Here is a recap of market performance for September and year-to-date:
Financial markets declined in September. Bonds lost the least, followed by US large-cap stocks. US small-cap stocks and International stocks fared the worst. The same is true for the year to date.
Nervous Times, Big Decisions
The first nine months of 2022 have been extremely challenging for investors. All of the main stock categories listed above are down by more than 20%. Bonds, which have historically helped diversify portfolios against stock declines, are having their worst performance in the last 40 years. We have high inflation, tightening monetary policy, sharply higher interest rates, war, and the prospect of an economic recession.
Investors are nervous, and with good reason.
But while each instance of market volatility feels different and new, the truth is that we’ve been through this before. The following chart shows some interesting data on market declines since 1950:
Over the past 72 years, markets have only spent around 8% of the time at all-time highs. They’ve spent about twice as much time down over 20% from all-time highs, which is the situation we find ourselves in currently. And while markets could certainly fall further, history tells us that these periods don’t last long. They have been down 30% or more from highs around 5.5% of the time.
There is another side of the coin – historically, market declines provide opportunity for attractive future returns. Since 1950, 54 months have ended with the S&P 500 down between 20-25% from it’s high. On average, the annualized 3 year price returns from those months was 8.96%. And in addition, the dividend yield of the S&P 500 has been between 1-5% during that time. And in general, the higher the declines, the greater the future returns.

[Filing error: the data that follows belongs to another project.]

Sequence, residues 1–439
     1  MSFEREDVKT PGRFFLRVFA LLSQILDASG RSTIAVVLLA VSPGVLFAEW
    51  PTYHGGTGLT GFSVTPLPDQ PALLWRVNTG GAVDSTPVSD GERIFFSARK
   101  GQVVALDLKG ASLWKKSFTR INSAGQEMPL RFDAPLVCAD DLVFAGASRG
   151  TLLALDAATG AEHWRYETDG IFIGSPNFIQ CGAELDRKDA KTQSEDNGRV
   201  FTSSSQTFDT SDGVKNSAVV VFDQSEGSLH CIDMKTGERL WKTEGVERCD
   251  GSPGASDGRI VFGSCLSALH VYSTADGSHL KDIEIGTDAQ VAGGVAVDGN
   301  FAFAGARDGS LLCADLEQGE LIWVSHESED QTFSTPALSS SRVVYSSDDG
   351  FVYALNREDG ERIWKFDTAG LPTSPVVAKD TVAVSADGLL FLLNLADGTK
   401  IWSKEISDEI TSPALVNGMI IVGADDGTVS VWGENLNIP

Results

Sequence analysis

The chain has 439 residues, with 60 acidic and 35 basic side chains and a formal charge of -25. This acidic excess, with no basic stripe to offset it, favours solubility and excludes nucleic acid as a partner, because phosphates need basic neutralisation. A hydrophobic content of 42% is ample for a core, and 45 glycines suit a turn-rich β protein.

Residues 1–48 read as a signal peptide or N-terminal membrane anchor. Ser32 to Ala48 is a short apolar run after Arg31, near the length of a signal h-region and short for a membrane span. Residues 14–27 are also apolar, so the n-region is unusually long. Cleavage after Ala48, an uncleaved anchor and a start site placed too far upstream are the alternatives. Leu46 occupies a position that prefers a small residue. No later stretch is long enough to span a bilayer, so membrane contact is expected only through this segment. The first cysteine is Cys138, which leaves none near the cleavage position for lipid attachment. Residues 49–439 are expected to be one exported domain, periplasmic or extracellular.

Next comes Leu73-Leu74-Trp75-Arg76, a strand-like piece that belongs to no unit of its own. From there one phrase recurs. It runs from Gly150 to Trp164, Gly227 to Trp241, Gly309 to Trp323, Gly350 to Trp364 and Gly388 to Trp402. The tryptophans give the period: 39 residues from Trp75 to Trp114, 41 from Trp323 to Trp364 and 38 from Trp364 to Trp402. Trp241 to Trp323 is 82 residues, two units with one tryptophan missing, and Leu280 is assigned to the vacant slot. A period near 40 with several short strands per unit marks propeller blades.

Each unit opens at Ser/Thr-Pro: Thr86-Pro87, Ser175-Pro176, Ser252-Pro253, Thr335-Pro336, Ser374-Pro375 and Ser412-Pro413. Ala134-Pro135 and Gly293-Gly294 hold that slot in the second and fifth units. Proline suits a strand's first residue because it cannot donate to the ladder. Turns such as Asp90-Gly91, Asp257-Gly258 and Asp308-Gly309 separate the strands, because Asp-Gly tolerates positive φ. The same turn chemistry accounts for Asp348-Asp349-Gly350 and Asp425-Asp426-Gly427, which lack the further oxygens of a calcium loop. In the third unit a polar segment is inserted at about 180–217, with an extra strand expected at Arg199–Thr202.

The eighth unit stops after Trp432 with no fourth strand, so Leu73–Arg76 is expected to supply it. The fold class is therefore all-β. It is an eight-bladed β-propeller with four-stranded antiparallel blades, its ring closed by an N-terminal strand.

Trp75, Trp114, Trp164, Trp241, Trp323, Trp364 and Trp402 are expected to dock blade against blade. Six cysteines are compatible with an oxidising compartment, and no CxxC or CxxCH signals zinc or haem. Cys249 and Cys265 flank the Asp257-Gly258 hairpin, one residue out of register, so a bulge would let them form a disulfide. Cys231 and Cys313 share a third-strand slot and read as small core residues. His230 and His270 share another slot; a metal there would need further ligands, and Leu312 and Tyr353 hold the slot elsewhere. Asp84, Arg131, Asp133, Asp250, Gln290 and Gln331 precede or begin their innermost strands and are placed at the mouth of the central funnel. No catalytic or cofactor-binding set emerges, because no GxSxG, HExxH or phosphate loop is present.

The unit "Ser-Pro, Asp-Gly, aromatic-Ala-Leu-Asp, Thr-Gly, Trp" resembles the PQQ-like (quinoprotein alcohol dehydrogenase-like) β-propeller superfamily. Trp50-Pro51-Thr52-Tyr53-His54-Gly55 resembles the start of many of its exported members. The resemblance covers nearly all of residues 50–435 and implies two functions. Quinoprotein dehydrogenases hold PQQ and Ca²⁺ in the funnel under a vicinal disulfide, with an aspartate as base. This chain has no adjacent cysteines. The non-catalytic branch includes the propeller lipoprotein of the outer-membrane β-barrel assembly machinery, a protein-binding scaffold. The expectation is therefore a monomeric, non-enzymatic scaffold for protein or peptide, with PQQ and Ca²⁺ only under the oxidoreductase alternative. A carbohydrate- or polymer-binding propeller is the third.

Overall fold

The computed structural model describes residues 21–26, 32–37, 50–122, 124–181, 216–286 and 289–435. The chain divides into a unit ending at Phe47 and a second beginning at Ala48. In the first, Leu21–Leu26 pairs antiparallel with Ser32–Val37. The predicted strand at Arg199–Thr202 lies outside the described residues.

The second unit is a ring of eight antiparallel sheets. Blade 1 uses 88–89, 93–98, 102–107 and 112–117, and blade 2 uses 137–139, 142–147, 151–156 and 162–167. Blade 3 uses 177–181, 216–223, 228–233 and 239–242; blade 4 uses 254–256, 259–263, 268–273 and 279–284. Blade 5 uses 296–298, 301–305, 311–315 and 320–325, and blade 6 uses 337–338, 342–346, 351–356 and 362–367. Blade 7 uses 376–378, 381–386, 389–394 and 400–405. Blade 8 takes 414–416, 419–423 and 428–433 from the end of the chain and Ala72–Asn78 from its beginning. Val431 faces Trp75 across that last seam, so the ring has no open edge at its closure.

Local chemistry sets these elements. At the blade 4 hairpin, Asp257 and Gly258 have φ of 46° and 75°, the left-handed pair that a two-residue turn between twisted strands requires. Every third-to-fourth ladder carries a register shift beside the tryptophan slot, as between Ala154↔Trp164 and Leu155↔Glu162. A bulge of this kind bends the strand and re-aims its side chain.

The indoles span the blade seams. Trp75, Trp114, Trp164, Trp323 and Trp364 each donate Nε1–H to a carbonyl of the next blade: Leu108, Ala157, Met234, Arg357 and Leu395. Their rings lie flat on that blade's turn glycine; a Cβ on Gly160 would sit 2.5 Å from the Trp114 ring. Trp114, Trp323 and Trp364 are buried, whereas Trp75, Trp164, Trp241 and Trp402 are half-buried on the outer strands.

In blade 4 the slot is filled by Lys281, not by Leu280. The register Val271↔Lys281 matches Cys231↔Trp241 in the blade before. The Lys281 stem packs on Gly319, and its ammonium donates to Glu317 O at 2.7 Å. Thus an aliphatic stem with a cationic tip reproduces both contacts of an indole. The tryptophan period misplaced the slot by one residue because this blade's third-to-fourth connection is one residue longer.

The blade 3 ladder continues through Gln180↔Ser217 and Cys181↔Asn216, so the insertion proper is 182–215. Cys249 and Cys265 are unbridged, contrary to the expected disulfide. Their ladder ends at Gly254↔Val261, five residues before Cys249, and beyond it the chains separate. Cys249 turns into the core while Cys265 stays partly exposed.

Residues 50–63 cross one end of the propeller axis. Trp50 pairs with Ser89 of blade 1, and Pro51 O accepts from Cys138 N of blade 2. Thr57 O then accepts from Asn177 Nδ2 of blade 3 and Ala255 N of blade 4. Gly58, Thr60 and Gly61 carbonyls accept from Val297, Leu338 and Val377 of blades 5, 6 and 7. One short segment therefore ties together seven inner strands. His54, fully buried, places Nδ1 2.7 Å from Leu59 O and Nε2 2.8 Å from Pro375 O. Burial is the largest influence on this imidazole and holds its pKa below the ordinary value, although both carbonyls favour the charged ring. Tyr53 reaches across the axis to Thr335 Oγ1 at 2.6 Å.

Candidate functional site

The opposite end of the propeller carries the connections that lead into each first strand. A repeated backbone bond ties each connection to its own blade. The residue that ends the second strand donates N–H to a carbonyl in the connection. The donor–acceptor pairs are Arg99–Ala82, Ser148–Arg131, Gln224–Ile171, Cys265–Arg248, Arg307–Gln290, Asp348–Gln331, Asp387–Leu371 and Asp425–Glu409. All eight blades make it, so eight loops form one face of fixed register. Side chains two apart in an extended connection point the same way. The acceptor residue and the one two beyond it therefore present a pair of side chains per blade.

What should I do?
All of us have a choice to make during periods like this – we can either quit, or we can keep going. Historically, investors who quit (by selling their investments and going to cash) opt themselves out of higher returns in the future. Investors who keep going will likely be rewarded and reap attractive future returns. We saw this first hand during the financial crisis in 2008 and during the onset of the COVID pandemic in 2020.
The biggest advantage we have in markets is time. If you are an investor who is still working and saving, continue funding your retirement accounts and consider depositing additional cash if you can.
If you are retired and using your money, time is still on your side. In many cases, we find that investors may distribute 3-5% of their accounts annually. This means that most of your account will not be touched for a decade or more.
If you would like to talk more about how we can use the current market environment to your advantage, please let me know.